Based on a variety of data that have come out after the first estimate of Q1 US growth at 1.3% it is now likely that US growth in Q1 was actually below 1% (probably close to 0.7%); we are thus already into a “growth recession” territory. As discussed extensively in this blog a US hard landing can take two forms: a “growth recession” i.e. a period of time when growth is well below potential and in the 0% to 1% range; or an outright recession, i.e. two consecutive quarters of zero growth.
If Q1 growth turns out to be below 1% (as now likely) we would already be in growth recession range in Q1. The revisions of Q1 GDP growth that will push the revised estimate of Q1 growth rate below 1% are:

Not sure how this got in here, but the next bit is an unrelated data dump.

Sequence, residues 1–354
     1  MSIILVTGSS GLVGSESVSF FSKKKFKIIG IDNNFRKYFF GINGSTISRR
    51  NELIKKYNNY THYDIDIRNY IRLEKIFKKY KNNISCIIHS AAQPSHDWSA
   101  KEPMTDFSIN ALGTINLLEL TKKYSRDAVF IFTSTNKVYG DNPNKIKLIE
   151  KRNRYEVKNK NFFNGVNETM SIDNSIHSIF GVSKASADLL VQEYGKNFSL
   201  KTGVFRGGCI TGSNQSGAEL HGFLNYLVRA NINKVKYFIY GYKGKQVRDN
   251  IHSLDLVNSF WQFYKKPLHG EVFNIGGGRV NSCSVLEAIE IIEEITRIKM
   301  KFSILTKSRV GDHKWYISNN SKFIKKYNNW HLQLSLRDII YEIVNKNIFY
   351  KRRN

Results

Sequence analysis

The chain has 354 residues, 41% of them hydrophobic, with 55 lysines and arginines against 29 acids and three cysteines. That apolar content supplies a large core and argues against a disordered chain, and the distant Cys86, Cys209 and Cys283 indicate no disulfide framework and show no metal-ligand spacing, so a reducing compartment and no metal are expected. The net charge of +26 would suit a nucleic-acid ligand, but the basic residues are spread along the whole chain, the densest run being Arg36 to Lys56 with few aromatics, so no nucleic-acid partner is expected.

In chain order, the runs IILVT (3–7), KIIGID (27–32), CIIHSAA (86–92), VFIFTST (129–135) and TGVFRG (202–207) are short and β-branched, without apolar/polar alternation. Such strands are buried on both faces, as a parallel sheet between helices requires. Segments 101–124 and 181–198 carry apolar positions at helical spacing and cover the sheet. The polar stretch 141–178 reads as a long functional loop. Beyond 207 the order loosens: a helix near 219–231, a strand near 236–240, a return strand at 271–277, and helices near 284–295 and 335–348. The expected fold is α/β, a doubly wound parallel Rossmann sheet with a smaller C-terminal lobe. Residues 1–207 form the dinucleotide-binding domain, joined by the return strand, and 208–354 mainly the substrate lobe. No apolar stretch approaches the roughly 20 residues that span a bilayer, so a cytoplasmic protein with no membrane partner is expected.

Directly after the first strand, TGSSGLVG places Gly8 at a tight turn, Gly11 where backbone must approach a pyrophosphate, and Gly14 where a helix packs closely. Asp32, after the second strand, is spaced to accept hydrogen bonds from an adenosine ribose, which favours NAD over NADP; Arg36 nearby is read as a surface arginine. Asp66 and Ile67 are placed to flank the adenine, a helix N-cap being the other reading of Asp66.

- Lower change in inventories than initially estimated reducing Q1 growth
- Better construction spending than initially estimated increasing Q1 growth
- Much worse trade balance in March than initially estimated reducing Q1 growth
The net effect of these three factors is an estimated 0.7% growth for Q1 (JP Morgan today revised its Q1 estimate downward to 0.8%).
Much more seriously, Q2 started on a very weak note for private consumption based on initial estimates of retail sales. I now expect Q2 growth to be closer to 0% or even negative (i.e an outright recession).